Over the years, the Arab world has let India down even though the Asian giant championed the Palestinian cause, writes Mustafa El-Feki *
When I compare how India used to view the Palestinian question, back when I was counsellor to the Egyptian Embassy in New Delhi 25 years ago, with how it does now, I cannot help but wonder how things change. I was posted in New Delhi in the late 1970s and early 1980s, when India was a major supporter of the Palestinian cause. The very idea of having diplomatic ties with Israel was offensive to most Indians.
I once monitored a meeting of late Indian prime minister Indira Gandhi with a group of Jewish Indians in Mumbai and then wrote an article about it for the Cairo-based periodical Al-Siyasa Al-Dawliya (Foreign Policy), speculating on the future of relations between India and Israel. In response, the Indian ambassador in Cairo filed an official protest with the Egyptian Foreign Ministry, expressing outrage that I brought up the possibility that India may one day move close to Israel. At present, relations between New Delhi and Israel are of strategic nature, with both countries in close touch, waging a common war against terror. Both have succeeded in damning the Palestinian resistance and the Kashmir insurgence as terrorist, not national liberation movements. India and Israel cooperate in many fields, including military and nuclear technology. So much we know for fact.
One question is in order, however. What made India change its mind and throw itself in the arms of a country that occupies Arab and Palestinian land, to the point where it has played host to Ariel Sharon? India and Israel have their own separate political agendas. India wishes to have access to US and Israeli technology, particularly in the development of weapons. Israel, for its part, wishes to have the political backing of a powerful nation. Besides, both countries have a common interest in monitoring the nuclear programmes of Iran and Pakistan. Let's now examine some of the reasons that made India change its mind.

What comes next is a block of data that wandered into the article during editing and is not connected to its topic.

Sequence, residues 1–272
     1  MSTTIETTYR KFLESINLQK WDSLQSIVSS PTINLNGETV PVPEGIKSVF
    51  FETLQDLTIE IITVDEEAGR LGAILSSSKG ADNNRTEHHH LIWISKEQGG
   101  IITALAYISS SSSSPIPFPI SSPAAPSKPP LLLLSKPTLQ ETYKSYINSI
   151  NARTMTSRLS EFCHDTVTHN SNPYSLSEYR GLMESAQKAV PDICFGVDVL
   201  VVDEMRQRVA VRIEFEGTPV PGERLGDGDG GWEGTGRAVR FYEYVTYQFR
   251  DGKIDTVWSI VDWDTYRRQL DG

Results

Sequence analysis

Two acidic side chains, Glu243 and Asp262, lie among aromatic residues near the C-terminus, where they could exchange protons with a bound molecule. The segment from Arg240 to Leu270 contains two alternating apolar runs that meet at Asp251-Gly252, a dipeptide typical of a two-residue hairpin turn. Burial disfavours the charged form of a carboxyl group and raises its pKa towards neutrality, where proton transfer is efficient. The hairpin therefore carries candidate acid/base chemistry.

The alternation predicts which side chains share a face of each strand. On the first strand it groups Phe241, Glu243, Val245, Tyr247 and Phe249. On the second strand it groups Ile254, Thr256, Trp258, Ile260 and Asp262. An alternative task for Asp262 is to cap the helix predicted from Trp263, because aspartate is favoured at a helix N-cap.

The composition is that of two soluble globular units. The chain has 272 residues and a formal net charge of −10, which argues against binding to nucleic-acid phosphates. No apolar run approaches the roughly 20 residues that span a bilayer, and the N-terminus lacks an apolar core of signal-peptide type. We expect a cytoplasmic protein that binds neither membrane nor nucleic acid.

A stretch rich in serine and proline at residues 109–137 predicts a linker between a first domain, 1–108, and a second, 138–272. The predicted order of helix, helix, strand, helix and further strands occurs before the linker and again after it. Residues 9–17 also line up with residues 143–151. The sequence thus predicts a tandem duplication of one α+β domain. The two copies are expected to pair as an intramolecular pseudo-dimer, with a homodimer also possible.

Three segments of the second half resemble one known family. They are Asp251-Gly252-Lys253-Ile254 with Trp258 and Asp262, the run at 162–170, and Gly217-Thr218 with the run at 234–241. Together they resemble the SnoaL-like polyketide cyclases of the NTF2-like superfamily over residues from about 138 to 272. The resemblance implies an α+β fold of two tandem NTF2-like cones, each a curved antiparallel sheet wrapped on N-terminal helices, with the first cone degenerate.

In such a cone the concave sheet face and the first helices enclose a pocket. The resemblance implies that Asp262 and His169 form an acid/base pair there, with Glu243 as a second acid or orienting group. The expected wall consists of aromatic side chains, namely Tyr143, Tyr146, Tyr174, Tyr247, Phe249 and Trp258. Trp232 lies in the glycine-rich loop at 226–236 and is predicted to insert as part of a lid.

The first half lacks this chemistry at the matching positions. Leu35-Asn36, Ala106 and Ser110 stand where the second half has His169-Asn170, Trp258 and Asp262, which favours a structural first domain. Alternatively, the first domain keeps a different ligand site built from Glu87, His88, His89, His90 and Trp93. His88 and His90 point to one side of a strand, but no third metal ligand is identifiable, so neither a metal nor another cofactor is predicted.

First, we have made the error of viewing the Indian- Pakistani conflict from an Islamic perspective. We have tried to "Islamise" the ongoing conflict in south Asia, posing as protectors of Islam and custodians of the international community. And we have overlooked the regional role of India, with Arab leaders showing up in New Delhi much less frequently than before.
Secondly, when India applied for membership of the Organisation of the Islamic Conference (OIC), the response was extraordinary. A country with 120 million Muslim citizens applied to membership and what happened? Islamic countries, in typical naiveté, rejected the Indian application, imagining this would please Pakistan and teach India a lesson. The right thing to do, of course, would have been to co-opt this major country and give it OIC membership.
This would have put the brakes on Indian rapprochement with Israel. An Arab-Indian rapprochement may have even alleviated, not increased, the pressure on Pakistan. Imparting a religious coating on a conflict between two neighbouring countries was a political misjudgement, and a sign of Arab miscalculation.